0 Replies
 
ehBeth
 
  2  
Reply Sat 15 Oct, 2011 10:51 am
Quote:
After DVDs
The meaning of Netflix’s stumbling summer.


http://nymag.com/news/intelligencer/netflix-2011-10/

Quote:
The company has already sent out e-mail mea culpas for its Summer of Flub, but it still has 24 million subscribers who need coddling. To mend fences, Netflix might start by asking its customers what they want. Because in this case, that’s probably a better plan than telling them.


in other words, time to try marketing instead of sales
tsarstepan
 
  1  
Reply Sat 15 Oct, 2011 11:01 am
@ehBeth,
Very good news (in theory until they actually follow through with these threats of making right with us loyal customers). Thanks ehbeth for the story link.
0 Replies
 
DrewDad
 
  1  
Reply Sat 15 Oct, 2011 11:01 am
@ehBeth,
I liked this bit:

Quote:
though the industry may have decided that DVDs are the past and streaming is the future, for all but the most tech-forward consumers, it’s wrong. DVDs are the present, and streaming is the future. You may think they’re ready for history’s dustbin, but your mom doesn’t. Turns out she’s a Netflix customer too.
DrewDad
 
  2  
Reply Sat 15 Oct, 2011 11:03 am
@DrewDad,
DrewDad wrote:

I liked this bit:

Quote:
though the industry may have decided that DVDs are the past and streaming is the future, for all but the most tech-forward consumers, it’s wrong. DVDs are the present, and streaming is the future. You may think they’re ready for history’s dustbin, but your mom doesn’t. Turns out she’s a Netflix customer too.



If you ignore the future, and only concentrate on what you're selling now, you could be out of business in a few years.

If you only concentrate on the future, and ignore what you're selling now, you could be out of business in a few months.
0 Replies
 
hawkeye10
 
  1  
Reply Mon 24 Oct, 2011 03:10 pm
Quote:
(Reuters) - Netflix Inc warned of continued steep declines in DVD subscribers this quarter and said a costly expansion into Britain and Ireland would push it into the red in the first quarter, walloping its shares.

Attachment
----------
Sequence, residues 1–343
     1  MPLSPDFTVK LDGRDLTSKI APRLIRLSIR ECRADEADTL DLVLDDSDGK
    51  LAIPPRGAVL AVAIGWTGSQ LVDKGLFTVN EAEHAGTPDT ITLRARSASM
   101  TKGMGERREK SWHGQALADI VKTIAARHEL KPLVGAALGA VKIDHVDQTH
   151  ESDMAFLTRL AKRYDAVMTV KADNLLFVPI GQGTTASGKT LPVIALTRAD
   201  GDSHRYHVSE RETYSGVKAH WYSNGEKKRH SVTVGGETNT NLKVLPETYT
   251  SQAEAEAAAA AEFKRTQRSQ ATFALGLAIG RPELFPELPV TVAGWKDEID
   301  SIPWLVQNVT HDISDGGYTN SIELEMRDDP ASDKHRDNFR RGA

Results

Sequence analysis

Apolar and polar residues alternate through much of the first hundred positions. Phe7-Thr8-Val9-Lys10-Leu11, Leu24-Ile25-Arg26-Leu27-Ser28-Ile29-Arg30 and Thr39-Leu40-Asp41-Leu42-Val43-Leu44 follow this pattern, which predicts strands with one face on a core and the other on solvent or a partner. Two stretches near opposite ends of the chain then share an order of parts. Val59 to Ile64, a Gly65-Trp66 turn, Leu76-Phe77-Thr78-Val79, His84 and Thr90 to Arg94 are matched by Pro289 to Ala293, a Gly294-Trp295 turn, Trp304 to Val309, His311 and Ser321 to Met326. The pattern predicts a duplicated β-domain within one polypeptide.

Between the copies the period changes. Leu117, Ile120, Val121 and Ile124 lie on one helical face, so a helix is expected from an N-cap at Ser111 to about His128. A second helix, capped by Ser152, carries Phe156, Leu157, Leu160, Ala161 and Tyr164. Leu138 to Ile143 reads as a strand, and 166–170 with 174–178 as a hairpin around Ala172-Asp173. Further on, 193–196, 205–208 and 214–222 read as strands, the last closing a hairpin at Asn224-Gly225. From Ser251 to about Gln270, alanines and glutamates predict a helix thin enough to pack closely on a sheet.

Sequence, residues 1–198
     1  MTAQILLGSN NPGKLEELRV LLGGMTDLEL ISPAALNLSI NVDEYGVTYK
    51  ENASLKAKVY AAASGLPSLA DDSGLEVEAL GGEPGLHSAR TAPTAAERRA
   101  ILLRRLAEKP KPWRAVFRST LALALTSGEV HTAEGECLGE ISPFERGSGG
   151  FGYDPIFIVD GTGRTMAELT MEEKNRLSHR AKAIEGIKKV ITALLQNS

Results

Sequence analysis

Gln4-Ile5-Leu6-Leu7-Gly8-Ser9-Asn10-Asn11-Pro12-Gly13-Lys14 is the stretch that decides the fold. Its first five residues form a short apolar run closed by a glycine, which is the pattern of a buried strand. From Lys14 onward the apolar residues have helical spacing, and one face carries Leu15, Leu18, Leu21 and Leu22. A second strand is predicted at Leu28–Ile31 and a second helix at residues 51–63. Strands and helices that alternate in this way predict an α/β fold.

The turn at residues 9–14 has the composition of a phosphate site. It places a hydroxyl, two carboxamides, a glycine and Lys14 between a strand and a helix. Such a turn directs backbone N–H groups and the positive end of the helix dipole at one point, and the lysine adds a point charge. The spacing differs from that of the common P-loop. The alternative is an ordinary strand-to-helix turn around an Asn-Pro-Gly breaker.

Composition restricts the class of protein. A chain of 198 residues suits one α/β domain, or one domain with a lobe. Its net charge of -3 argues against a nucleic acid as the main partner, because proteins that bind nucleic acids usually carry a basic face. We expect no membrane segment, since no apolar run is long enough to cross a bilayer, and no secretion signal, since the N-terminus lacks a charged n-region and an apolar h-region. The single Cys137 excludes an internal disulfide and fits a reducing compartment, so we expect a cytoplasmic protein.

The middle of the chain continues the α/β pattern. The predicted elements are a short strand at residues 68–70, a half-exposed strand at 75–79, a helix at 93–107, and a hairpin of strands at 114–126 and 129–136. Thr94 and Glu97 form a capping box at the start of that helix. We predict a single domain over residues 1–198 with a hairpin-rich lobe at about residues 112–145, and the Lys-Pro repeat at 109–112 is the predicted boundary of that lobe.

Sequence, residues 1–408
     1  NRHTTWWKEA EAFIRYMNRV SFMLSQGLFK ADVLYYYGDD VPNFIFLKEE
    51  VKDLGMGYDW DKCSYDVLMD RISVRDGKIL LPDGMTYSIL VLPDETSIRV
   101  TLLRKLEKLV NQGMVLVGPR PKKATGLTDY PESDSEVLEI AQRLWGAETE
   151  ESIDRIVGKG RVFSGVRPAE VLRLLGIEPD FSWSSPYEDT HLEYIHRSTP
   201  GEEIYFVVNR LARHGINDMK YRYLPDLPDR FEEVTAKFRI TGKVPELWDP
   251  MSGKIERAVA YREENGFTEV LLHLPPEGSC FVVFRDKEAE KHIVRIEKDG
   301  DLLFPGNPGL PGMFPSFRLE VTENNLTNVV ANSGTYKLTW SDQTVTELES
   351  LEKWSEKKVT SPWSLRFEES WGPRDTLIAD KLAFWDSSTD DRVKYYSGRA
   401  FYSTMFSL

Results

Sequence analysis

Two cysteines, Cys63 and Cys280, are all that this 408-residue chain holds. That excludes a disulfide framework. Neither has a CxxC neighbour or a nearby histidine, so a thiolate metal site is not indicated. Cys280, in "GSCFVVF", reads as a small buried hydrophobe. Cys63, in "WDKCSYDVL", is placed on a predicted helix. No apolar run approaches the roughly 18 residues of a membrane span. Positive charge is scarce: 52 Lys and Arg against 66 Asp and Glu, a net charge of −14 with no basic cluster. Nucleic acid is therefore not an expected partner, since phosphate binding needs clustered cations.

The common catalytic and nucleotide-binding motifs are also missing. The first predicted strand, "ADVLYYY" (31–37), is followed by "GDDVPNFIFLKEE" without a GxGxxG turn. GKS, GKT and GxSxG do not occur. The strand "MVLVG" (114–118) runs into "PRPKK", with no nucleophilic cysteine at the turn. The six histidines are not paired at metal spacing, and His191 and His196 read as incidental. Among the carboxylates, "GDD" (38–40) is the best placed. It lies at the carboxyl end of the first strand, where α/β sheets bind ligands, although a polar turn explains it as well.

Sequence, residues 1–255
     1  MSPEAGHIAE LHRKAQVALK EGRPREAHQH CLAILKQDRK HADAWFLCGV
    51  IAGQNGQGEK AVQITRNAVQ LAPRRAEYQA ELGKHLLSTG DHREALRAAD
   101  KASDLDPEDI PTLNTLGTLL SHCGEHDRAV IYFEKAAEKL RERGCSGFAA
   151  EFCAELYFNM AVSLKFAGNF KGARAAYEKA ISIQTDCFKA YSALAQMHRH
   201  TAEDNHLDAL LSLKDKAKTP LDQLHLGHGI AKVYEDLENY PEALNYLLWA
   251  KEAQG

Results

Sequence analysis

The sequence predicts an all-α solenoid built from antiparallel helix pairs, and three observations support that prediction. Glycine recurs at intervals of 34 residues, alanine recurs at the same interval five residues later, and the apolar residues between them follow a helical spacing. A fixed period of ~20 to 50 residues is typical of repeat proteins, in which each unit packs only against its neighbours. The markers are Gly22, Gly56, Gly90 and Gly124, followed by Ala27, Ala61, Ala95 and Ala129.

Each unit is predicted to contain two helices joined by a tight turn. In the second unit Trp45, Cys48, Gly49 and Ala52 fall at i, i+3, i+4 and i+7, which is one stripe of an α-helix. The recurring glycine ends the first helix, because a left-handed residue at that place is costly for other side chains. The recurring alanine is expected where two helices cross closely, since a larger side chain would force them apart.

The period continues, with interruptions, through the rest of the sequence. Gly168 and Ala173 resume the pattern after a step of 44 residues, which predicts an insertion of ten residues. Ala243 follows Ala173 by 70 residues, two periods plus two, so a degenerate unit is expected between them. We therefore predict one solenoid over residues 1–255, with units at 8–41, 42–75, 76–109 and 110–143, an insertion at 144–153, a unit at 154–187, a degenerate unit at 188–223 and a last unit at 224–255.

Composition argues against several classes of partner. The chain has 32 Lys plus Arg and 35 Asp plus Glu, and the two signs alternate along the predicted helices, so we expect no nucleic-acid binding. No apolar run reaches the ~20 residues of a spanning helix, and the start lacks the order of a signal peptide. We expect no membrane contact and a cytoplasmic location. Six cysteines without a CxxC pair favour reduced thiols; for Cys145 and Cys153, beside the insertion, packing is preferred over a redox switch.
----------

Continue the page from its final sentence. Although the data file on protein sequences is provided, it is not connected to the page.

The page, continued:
The top video rental company reported a better-than-expected 49 percent surge in third-quarter revenue to $822 million, surpassing Wall Street's target of about $812 million.

But investors -- mindful of how the company led by CEO Reed Hastings had driven away customers in recent months and damaged its credibility with an unpopular price hike and other high-profile stumbles -- focused on the fourth-quarter warning.

Netflix shares plummeted almost 20 percent to $95.50 in after-hours trading.

"We expect the costs of our entry into the UK and Ireland will push us to be unprofitable on a global basis; that is, domestic profits will not be large enough to both cover international investments and pay for global G&A and technology and development," Hastings said in a letter to shareholders accompanying its quarterly report.

Hastings added that subscriber defections because of the price-hike should slow in coming quarters "as the price effect washes through".

The company reported earnings per share of $1.16 on net income of $62 million. Analysts had expected earnings per share of 94 cents, according to Thomson Reuters I/B/E/S. But it was not immediately clear if those earnings numbers were comparable

http://finance.yahoo.com/news/Netflix-revenue-rises-in-rb-1091739202.html;_ylt=Atma5VdGEuf7mK0qmYx24kW7YWsA;_ylu=X3oDMTE1cTQzcXNuBHBvcwMzBHNlYwN0b3BTdG9yaWVzBHNsawNuZXRmbGl4c2hhcmU-?x=0&sec=topStories&pos=main&asset=&ccode=

After hours currently has NFLX down 27% at 86.50
hawkeye10
 
  1  
Reply Tue 25 Oct, 2011 08:37 am
@hawkeye10,
NFLIX is currently down 36%....I think management bungling has reached a watershed moment.